Lightweight: I was tempted to bypass the rules I set for myself and drag Ilia Topuria here as he is currently not in the official ranking, but he was there earlier in the year and is not fallen due to defeat. So even though I don’t see any title conflict in the future of Pat Sabatini, I see the grapple expert using his guts and cunning to keep moving up the featherweight ranks with a great chance of breaking through the rankings before the end of the year. While Sabatini’s strike is competent, it will be his groundwork that will lift him as high as possible. At 31, Sabatini may be at the peak of his physical and mental abilities, so now is the time for him to take action.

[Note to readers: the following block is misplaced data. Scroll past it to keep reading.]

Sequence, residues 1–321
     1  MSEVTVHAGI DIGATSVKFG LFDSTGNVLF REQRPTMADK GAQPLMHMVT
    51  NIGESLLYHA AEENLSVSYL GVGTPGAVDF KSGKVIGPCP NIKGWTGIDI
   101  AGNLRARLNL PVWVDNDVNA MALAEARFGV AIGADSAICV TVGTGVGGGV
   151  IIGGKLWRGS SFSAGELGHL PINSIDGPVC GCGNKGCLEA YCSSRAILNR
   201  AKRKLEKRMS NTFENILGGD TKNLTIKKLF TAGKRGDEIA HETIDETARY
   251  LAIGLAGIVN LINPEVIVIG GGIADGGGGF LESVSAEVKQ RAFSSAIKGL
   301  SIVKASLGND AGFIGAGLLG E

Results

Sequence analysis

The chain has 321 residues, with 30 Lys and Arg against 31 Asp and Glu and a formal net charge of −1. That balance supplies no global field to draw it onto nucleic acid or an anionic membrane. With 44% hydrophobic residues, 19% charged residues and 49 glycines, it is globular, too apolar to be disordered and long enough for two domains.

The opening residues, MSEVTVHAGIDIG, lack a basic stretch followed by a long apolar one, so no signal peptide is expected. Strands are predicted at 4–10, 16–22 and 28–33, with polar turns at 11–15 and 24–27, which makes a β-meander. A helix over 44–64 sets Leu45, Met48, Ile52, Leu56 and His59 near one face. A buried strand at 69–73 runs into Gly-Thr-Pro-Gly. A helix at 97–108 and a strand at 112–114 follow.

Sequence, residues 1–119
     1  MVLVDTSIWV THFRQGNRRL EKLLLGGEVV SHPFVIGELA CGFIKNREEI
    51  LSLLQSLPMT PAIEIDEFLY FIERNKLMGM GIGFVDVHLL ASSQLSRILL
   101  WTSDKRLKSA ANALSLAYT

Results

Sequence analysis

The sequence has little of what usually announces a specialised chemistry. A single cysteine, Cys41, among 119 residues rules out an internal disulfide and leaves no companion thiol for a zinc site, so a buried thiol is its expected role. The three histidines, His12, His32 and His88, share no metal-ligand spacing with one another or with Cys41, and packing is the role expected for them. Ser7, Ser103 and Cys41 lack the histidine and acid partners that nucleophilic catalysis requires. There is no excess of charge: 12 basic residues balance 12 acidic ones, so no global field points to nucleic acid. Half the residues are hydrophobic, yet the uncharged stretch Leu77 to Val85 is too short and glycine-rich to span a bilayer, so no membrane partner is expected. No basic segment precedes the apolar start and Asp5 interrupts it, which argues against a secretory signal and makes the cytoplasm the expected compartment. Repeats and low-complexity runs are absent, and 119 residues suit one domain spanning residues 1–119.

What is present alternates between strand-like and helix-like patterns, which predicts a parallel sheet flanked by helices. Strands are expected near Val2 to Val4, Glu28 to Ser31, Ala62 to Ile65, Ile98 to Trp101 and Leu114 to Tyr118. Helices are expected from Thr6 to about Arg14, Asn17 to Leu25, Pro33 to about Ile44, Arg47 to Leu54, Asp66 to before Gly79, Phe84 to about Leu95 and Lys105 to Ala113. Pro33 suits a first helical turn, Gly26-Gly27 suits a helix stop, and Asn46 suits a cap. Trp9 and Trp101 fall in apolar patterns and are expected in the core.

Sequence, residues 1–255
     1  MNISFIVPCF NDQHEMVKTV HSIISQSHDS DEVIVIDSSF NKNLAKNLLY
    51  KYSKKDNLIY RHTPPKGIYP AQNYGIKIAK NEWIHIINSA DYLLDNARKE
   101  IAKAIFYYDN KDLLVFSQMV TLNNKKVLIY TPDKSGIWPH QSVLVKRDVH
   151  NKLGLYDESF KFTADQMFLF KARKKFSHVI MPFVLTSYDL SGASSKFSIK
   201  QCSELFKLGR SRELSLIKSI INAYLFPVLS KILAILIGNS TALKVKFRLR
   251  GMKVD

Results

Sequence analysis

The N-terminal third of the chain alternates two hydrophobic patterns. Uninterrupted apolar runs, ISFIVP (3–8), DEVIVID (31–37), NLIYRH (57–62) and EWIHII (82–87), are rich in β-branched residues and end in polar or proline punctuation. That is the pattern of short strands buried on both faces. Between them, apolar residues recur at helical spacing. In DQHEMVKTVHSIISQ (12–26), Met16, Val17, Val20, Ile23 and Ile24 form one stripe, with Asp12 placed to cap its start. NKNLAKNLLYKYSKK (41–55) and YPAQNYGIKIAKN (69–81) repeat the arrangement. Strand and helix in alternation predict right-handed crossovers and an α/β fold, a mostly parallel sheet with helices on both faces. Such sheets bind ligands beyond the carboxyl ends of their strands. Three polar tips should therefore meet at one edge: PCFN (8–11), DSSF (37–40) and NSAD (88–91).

Bantam-weight: Considering the ridiculous amount of talent at 135, I shouldn’t be as confident as I am in the selection. Adrien yanez be the breakout fighter in the division. But the nuances of Yanez striking is more than impressive, not just for someone who isn’t battling the best of the best in the division … at least not yet. Add to that that Yanez has yet to be knocked out in his UFC run and wrestling is meant to be his main weakness and it’s clear Yanez hasn’t just honed his impressive strike. That’s not to say he’s played with an astonishing amount of flare, getting a performance bonus in every one of his UFC appearances so far. Yes, there’s a reason I’m sure to pick Yanez as my breakout bantamweight this year.